At the moment I’m putting all my energy into seeing this term reach a point of finality for all of our students in a way that looks and feels as educationally fulfilling as it possibly can for them under these remote learning circumstances. And, putting the teaching component of this moment to the side, the administrative duties of managing a Glass program has amplified in ways that have (and still are) exhausting on their own. I haven’t spoken much above about how overwhelming a task it has been to work with our Chair, Dean, and upper Administration to tackle all the bureaucratic aspects of this new academic frontier following a campus-closure. In all honesty, the headaches and hassle of re-designing and launching our educational programming was rigorous enough on its own. But re-learning and re-designing the managerial aspects of the what’s behind the curtain in maintaining a program in one last-minute email request after another from Admin has tripled the amount of work for faculty. The executive duties, processes, and protocols of running a program in this remote way legally (in the eyes of the State) and procedurally (in the eyes of NASAD) is an entirely different animal than what we’re tasked to do as educators…and adds a lot more to the faculty workload on almost a daily basis. So, YES, I see potential for crossover with other programs, but my mind is so, so far away from dwelling on anything that isn’t related to any of the dozens of plates we’re asked to keep spinning in this moment.
10. What has been the feedback from students? What will be the impact on their educational experience of glass?
The student response varies by the level of glass courses they are enrolled in…
The introductory student was mostly curious how any “learning” can possibly continue to happen without being in studio (which we knew would be a thing already…). However, after interacting with them in this first week, some are showing signs of being good sports about what’s been designed for remote learning without the studio. And the others, at worst, will shoot for doing the bare minimum of what’s asked. Both approaches are understandable in this moment… and I’m interested in seeing how they might take to these various assignments over the next few weeks. I anticipate that they might accidentally realize that they enjoy the way in which we’re asking them to contextualize the studio experience from home. If we’re able to get through this (and if we indeed have campuses open by next academic year), this level of student will more than likely repeat the course for credit simply because they enjoyed the studio experience they had so far and want another go at it.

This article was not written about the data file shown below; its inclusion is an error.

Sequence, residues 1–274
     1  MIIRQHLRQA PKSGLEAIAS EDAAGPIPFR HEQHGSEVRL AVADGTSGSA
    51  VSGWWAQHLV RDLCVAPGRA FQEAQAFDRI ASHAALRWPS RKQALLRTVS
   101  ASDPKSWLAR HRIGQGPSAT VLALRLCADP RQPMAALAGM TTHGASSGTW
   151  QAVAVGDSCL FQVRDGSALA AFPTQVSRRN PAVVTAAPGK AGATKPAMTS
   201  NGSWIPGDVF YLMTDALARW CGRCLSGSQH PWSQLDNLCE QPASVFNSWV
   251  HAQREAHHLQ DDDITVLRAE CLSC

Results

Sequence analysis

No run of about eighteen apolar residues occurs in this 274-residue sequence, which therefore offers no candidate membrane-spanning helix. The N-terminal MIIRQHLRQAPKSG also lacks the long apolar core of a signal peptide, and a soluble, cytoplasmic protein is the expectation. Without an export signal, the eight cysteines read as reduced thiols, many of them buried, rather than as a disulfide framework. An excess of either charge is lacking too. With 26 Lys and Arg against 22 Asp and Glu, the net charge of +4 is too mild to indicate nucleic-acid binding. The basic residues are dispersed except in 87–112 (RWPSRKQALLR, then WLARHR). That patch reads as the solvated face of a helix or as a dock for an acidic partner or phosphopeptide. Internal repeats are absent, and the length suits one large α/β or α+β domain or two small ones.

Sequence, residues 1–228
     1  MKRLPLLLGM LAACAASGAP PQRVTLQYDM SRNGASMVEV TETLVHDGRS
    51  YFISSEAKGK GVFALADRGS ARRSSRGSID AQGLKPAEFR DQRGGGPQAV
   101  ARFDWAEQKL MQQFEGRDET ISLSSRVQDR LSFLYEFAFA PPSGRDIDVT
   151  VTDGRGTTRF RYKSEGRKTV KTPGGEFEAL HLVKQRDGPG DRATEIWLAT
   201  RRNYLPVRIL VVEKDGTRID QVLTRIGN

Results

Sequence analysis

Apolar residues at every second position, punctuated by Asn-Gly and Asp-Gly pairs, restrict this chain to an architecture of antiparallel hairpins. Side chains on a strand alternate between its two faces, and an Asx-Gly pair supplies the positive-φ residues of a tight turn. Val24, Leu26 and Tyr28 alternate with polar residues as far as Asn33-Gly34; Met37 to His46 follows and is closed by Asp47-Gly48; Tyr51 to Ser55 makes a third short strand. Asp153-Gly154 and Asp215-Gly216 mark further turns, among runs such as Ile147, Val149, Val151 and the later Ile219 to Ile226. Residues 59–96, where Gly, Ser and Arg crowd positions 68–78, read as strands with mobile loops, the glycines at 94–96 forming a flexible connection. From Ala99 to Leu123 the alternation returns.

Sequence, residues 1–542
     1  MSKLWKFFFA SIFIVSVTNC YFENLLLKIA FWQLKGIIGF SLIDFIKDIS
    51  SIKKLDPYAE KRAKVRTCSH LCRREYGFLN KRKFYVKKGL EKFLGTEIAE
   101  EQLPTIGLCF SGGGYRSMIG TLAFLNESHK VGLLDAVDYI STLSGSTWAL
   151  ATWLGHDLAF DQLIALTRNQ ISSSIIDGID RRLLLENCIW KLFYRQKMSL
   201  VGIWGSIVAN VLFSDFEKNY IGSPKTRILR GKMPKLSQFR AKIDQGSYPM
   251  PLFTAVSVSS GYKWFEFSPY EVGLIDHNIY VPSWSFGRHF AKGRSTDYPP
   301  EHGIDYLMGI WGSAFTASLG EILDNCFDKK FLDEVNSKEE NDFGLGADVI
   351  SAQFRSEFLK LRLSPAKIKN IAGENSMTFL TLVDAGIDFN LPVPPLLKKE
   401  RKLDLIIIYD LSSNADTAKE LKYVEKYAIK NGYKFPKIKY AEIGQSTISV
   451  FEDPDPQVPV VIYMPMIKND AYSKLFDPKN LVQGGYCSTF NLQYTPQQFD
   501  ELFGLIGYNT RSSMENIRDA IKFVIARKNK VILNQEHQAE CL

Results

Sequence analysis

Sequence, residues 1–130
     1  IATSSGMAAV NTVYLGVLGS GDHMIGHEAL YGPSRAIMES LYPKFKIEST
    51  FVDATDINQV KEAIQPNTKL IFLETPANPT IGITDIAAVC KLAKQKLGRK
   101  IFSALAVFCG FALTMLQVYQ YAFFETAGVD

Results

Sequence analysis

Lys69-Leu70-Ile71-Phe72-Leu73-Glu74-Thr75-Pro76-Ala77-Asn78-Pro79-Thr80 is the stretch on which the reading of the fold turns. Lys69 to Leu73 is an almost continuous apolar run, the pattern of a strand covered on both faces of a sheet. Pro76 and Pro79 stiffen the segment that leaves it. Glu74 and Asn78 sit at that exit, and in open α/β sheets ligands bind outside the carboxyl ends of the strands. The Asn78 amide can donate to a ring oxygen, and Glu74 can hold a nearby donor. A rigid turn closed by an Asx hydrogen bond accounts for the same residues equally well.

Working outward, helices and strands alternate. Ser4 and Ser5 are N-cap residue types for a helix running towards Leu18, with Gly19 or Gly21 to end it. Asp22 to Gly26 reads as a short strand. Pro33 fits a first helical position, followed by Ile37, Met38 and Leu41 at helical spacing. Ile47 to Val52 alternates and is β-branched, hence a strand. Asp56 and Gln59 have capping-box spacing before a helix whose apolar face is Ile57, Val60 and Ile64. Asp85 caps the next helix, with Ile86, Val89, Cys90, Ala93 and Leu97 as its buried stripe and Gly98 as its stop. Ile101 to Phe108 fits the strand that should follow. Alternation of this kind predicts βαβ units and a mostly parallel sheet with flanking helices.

The intermediate student is a mixed bag… strong with duality. These folks are either really interested in what we’re asking of them in these remote learning objectives or significantly disinterested. These are students who we’re asking to connect some theoretical dots to the studio experience they’ve had so far…to pair up their development in making with a development in thinking. These also happen to be students that have a confidence level in their material relationships and a budding artistic identity that lends way to a super strong craving to be in studio…which normally would be great, but, in this moment, some of them view the inability to access studio for the rest of the term as something disruptive to their education/artistic momentum. The stone-cold makers will look back at this moment with a chip on their shoulder. Those who will truly excel following graduation will look back at this moment as being pivotal in their development from glass enthusiast to artist.